Cell Stretching System
Physiological Simulation System in Cell Cultures
The proprietary STREX Cell Stretching System induces mechanical stimulation to cultured cells in ultra thin flexible stretch chambers
Operational Use of Model STB-1400
Specialized Instruments Simulate Physiological Conditions in Cell Cultures
Living cells exist in a dynamic physiological environment. They are subject to a wide range of mechanical stimuli such as stretch and compression.
Cells can detect their mechanical environment through mechanoreceptors. They respond to the action of these stimuli by altering their adhesion, proliferation, locomotion, morphology, and synthetic profile.
Yet, none of the stimuli from the living environment is present under standard in vitro conditions for cell culture and analysis.
The STREX Cell Stretching System mechanically stimulates cells growing in culture by stretching and compressing them. Thereby providing an environment like the one in which living cells exist.
This system allows you to explain the mechanisms by which cells convert mechanical signals into biochemical responses, in vitro.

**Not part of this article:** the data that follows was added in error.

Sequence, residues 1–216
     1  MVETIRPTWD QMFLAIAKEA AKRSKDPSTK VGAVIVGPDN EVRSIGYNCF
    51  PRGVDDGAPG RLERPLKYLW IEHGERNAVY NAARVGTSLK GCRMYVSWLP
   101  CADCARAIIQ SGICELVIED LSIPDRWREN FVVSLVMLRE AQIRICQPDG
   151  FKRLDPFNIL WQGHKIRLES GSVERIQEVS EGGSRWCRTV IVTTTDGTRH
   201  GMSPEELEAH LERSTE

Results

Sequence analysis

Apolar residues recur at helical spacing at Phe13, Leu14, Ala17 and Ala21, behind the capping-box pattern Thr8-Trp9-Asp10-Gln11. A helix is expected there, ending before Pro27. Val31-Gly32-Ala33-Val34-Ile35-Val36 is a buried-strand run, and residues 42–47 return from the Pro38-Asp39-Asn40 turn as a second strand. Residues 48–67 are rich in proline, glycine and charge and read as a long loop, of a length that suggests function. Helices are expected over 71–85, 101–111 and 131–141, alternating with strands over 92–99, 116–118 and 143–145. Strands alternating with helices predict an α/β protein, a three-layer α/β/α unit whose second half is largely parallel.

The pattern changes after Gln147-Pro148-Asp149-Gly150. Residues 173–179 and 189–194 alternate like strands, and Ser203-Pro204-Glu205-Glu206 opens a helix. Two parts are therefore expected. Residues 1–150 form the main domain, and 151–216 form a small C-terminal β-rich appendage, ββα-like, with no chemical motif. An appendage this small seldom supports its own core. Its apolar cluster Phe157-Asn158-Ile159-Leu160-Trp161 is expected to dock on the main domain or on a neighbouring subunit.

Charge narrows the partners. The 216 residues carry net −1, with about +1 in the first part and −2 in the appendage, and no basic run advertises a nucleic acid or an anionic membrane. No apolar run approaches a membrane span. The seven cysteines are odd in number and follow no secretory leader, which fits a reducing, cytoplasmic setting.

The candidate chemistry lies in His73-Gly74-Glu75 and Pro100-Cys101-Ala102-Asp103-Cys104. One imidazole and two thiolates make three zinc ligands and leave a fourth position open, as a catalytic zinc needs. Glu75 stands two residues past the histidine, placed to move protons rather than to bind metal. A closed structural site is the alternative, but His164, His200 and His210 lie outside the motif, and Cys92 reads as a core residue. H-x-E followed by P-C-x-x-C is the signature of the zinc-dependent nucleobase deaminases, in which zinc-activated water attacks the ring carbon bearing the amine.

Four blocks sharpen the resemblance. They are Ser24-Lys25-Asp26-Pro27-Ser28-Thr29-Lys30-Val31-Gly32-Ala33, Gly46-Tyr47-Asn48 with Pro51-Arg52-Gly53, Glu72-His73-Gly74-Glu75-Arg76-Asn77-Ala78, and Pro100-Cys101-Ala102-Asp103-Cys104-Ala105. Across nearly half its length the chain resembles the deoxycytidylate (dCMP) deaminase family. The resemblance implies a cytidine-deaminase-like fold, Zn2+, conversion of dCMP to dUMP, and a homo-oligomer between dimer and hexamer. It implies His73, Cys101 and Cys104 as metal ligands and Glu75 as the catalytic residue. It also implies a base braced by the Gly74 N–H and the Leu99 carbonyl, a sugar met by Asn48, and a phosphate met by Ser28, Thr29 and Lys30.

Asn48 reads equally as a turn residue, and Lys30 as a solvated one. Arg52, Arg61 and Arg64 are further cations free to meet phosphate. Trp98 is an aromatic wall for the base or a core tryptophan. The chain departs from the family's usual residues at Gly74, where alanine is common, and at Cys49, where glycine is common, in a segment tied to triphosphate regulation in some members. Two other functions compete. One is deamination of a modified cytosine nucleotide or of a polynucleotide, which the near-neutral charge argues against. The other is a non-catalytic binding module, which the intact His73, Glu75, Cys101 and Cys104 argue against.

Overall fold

- Uniform Load: Every cell is subjected to nearly uniform strain along the stretch axis (<5% variability). In the non-axial direction, the secondary load is much weaker.
- High reproducibility
The high-precision, high-torque stepping motor in the stretch unit enables stable motion at a range of speeds, from extremely low velocity to high velocity. This motion stability, combined with the superior characteristics of the silicone film chamber, produces mechanical stretching that is highly reproducible.
- Wide range of stretch patterns
The system can be configured for eight different settings for the stretch ratio — the degree of stretch desired — and eight for the repetition frequency of the stretch movement. There are 64 possible stretching patterns in all.
- Unique stretch chamber
Specially developed silicone film chamber facilitates a variety of lab analysis techniques, including cell fixation and fluorescent imaging.
1. Cells are seeded onto a stretch chamber pre-treated with an extracellular matrix coating.
2. Cells adhere to the stretch chamber.
3. Stretching begins. Cells are stretched as specified by the selected stretch pattern.
4. Cell observation is conducted. (Cells in culture can be observed under the microscope.)
5. Cells are harvested/treated in accordance with the objectives of the experiment.
- Biochemical experiments: Alteration of gene and protein expression; signal transmission 9 Cell extract recovery and analysis (Northern blotting; Western blotting)
- Cell biology experiments: Cytoskeleton and cytoplasm rearrangement → Observation of fixed and stained cells
- Cell physiology experiments: Ion flux → Real-time observation of Ca2+influx, NO production, etc